It’s taken off like no other and gripped gamers worldwide.
Pokemon GO is the new “cultural” phenomenon that is changing the way people interact with cities.
It’s an augmented reality game, which is to say it superimposes a digital game over the fabric of the world, with players accessing it through their GPS- and internet-enabled smartphones.
Just download and roam the streets in search of the characters. Geotagging does the rest.
New York, London, Berlin are full of players roaming the streets to find and capture the virtual Pokemon characters.
Deniz Petzold is a fan of the game. He says, “Well, you do walk around looking at your smart phone all the time. You really have to be careful crossing the streets. I caught myself once or twice almost walking onto a road.”
Fabio Backhaus has gained some experience hunting Pokemon characters.
“And then you just stand still in the middle of the road. It really is dangerous, I have to admit. Well, you walk around looking at you phone all the time, and you only see Pokemons appearing on the map and you try to catch them”, he says.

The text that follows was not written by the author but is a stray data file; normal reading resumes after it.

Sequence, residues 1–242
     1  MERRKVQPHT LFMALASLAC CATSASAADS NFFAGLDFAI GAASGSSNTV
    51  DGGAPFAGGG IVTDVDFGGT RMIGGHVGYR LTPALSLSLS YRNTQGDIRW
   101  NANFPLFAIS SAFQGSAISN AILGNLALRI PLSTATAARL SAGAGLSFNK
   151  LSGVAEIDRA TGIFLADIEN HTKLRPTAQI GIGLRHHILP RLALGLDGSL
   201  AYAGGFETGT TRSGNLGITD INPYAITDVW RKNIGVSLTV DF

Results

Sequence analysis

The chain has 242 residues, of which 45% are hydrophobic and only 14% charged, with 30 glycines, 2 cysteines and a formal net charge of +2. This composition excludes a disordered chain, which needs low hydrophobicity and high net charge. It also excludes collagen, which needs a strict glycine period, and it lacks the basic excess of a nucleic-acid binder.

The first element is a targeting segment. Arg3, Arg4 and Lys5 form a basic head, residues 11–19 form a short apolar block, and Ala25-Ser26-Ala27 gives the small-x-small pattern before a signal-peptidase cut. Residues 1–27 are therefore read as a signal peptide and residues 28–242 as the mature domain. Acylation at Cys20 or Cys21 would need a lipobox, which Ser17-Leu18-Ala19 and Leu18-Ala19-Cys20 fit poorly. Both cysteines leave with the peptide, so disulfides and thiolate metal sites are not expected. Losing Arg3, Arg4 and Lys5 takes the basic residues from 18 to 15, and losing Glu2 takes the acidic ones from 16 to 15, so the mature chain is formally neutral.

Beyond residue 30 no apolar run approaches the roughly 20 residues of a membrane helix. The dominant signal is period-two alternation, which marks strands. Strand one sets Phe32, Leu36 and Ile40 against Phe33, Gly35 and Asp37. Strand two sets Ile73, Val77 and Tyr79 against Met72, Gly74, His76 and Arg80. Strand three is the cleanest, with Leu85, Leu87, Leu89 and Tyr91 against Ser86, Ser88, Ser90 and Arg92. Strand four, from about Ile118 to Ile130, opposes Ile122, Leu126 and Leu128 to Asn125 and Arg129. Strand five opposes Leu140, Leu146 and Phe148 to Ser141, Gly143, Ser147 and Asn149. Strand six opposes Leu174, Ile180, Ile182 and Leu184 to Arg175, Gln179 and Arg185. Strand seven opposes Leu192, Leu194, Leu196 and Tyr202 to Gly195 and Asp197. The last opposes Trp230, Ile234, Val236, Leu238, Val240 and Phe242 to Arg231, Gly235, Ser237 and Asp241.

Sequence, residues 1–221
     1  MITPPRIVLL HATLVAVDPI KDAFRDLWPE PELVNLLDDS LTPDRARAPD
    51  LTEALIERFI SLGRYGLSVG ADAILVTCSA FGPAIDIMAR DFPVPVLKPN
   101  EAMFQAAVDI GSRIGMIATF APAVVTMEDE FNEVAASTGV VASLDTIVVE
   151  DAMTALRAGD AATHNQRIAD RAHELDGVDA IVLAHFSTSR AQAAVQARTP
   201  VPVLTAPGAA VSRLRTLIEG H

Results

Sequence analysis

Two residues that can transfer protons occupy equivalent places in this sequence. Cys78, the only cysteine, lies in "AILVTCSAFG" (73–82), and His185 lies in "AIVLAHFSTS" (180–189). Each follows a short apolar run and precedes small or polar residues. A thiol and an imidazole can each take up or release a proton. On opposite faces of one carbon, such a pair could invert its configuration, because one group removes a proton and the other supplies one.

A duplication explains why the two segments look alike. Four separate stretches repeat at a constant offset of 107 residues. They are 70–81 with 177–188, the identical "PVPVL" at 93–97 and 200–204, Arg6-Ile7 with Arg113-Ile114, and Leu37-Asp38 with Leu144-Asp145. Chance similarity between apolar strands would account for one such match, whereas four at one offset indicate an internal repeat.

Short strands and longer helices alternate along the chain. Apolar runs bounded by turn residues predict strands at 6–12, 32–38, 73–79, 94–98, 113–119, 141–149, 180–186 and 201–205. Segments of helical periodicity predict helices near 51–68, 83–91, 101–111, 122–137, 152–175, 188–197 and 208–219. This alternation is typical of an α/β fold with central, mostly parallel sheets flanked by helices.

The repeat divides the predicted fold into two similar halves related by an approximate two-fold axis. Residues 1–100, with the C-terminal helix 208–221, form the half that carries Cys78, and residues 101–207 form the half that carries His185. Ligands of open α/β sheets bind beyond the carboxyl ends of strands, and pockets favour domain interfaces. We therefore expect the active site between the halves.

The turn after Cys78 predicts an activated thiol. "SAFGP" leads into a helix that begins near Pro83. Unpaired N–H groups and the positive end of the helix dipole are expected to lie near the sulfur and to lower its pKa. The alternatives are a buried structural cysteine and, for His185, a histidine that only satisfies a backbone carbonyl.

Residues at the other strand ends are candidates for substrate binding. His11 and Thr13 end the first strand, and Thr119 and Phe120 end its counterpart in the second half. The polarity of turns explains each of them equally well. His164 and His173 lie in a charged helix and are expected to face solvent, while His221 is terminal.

Dr. Dimitrios Tsivrikos, a consumer and business psychologist at University College London, says the use of augmented reality in a game is what is attracting so many people but augmented reality doesn’t allow its gamers to hide behind avatars, or fantasy personalities in the same way as traditional games.
“ With augmented reality you are actually coming face to face with other players, so you almost might need to develop a new character a new personality as to how they might be appearing. So perhaps this new perspective can actually become a threat for some individuals who have had a personality that was developed socially within social media.”
However there is also a dark side to the game’s popularity.
Social media buzzed with reports of players who suffered minor injuries from tripping and falling while glued to their cell phones and minor incidents while driving and looking for Pokemon.
Pay attention people, dying for a game is insane.